CAIRO Egypt's government will discuss gaining assistance worth $2 billion from Algeria during a visit to the country by Prime Minister Hisham Kandil on Monday, an Egyptian newspaper reported, citing an unnamed official.
Egypt needs help from foreign donors to rein in its budget deficit and avert a balance of payments crisis until it can secure a $4.8 billion loan from the International Monetary Fund.
Two official sources confirmed to Reuters that Cairo was seeking aid from the fellow north African state although they said it was not clear what form the assistance would take. One said the amount in question was around $2 billion.
Newspaper al-Masry al-Youm did not give a direct quote from its source, but wrote that: "An official source said that Egypt will negotiate a deposit worth $2 billion to be put in the central bank and that negotiations that prime minister Hisham Kandil will do today with Algerian prime minister Abdelmalek Sellal will involve this subject."
It gave no indication if the money was to be a loan or some form of grant, or of any conditions attached.
Transfers from Saudi Arabia and Qatar since June have helped shore up state finances weakened by more than a year of economic turmoil since the overthrow of Hosni Mubarak in February 2011.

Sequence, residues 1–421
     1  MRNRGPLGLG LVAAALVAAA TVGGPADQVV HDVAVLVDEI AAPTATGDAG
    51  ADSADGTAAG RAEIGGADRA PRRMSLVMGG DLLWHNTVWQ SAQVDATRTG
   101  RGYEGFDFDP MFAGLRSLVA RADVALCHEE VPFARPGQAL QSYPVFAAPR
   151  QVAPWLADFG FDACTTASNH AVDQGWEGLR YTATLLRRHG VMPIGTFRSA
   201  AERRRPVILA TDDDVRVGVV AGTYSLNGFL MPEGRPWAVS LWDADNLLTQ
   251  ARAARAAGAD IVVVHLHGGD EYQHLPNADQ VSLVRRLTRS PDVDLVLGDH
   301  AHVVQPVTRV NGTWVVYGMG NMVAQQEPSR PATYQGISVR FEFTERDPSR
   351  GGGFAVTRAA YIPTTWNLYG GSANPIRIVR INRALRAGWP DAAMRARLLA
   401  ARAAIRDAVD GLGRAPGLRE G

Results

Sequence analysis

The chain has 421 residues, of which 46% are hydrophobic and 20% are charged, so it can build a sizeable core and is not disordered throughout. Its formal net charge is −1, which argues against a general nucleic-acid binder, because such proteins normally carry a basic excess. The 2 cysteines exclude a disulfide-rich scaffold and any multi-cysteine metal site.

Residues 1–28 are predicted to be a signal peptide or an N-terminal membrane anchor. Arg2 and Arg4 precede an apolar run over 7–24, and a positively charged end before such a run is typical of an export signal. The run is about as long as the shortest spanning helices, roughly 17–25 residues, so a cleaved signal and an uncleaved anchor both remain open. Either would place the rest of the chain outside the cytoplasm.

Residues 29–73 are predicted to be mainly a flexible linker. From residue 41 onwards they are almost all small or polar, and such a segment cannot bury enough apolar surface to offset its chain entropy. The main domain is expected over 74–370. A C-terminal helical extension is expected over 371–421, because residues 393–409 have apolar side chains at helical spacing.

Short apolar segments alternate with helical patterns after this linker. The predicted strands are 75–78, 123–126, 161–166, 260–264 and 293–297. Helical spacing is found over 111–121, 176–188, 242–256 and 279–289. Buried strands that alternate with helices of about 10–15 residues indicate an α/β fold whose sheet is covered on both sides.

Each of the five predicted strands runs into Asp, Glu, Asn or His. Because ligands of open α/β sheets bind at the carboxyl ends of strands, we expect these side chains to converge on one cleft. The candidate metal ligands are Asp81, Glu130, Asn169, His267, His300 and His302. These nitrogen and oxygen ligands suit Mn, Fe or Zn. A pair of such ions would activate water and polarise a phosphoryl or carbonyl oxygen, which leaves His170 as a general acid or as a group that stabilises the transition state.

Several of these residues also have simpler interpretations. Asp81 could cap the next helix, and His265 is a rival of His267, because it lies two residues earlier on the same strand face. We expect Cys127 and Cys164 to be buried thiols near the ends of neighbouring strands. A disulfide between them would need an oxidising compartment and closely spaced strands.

Strong demand for natural gas and relatively high world energy prices have helped Algeria add this year to a foreign exchange reserve pile that was worth more than $186 billion at the end of June.
The newspaper said Kandil's visit was also aimed at solving a shortage of butane cooking gas in Egypt, which counts Algeria among its top suppliers.
One Egyptian official told Reuters he understood that Egypt was seeking about $2 billion in assistance from Algeria but did not have details on what form the assistance would take.
Another official said Egypt was seeking support from Algeria and that it would likely be a topic for discussion during Kandil's visit. But he said the amount or form of any support was not determined.
(Reporting by Tamim Elyan and Edmund Blair; Writing by Tom Pfeiffer; editing by Patrick Graham)